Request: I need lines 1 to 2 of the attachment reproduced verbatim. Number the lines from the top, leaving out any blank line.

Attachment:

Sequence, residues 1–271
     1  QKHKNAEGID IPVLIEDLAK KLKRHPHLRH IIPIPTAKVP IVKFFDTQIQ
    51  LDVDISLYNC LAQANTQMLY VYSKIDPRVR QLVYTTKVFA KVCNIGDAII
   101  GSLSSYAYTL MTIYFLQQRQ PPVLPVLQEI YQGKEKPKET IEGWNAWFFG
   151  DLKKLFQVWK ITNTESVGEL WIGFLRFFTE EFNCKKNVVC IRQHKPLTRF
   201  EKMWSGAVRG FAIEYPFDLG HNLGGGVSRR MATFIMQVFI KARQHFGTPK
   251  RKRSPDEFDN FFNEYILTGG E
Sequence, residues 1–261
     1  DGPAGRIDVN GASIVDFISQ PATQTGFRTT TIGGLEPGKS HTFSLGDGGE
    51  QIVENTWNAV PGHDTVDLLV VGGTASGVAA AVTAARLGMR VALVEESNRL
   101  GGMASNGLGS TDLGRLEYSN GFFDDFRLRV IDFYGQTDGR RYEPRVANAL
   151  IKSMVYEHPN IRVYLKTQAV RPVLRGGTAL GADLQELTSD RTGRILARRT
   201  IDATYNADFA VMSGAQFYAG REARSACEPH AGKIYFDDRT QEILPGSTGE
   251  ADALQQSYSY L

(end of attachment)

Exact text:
Sequence, residues 1–271
     1  QKHKNAEGID IPVLIEDLAK KLKRHPHLRH IIPIPTAKVP IVKFFDTQIQ